President Obama impressed by Israeli brain-computer interface projects
As part of his Israel trip President Obama gave accolades to researchers from Ben-Gurion University of the Negev (BGU) who presented two projects based on brain-computer interface technology at the Israel Museum technology showcase.
Accompanied by Israel Prime Minister Benjamin Netanyahu, Obama saw MinDesktop, a hands-free thought-controlled computer developed by three BGU graduate, and ElMindA, a start-up company that makes brain scanners for detecting diseases and head injuries—and has even worked with the Pittsburgh Steelers, a professional football team, to better help detect, predict and prevent concussions. As Professor Amir Geva, the scientist/founder behind the ElMindA explained the product wearing a cap with tiny light bulbs, Obama nodded and called it “a great idea.”
The other project, the MinDesktop computer is being designed to help disabled people communicate with just their thoughts. During the demonstration, a student “patient” wore a cap with 14 EEG connect points that sense brain activity. A second student explained that as the patient thought of different items — a flower, music or an automobile — the patient could manipulate the cursor to specific colors on a computer screen that controlled what the patient wanted to do.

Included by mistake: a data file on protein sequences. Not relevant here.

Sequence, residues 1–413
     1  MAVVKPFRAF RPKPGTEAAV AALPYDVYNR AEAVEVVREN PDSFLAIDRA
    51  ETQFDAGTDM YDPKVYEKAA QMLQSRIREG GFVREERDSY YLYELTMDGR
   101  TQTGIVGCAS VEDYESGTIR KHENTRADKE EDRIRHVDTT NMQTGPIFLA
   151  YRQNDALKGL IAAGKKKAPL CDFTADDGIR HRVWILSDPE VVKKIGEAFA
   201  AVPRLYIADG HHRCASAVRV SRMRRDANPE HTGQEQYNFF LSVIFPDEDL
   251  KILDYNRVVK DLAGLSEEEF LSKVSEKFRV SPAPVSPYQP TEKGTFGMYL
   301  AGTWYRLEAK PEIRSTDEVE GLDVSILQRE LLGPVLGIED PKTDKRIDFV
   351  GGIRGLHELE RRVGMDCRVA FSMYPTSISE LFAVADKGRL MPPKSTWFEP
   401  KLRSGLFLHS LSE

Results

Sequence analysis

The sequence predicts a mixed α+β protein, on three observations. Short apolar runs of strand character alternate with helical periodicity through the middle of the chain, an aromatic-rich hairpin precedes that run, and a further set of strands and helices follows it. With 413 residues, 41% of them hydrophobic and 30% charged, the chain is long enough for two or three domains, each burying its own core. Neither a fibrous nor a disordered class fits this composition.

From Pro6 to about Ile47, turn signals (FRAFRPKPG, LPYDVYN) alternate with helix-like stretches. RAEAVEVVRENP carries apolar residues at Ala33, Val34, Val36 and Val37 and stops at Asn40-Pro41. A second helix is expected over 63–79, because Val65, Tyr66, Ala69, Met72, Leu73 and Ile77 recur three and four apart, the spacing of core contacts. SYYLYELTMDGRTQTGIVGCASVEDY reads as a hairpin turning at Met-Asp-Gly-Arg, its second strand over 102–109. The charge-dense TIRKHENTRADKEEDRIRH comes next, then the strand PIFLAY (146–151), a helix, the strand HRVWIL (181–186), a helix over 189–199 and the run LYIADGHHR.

According to the Newsweek/Daily Beast, Obama said to Netanyahu of the MinDesktop inventors, “These guys have deeper thoughts probably than the two of us.”
“Today, we were stars, and it is so incredibly gratifying to be able to present two examples of the cutting-edge technology being developed and commercialized by BGU,” says Doron Krakow, executive vice president, American Associates, Ben-Gurion University of the Negev based in New York City. “We are proud of the two groups from ElmindA and MinDesktop who are fulfilling Ben-Gurion University’s mission to develop technologies that are helping people in Israel, in the United States and around the world.”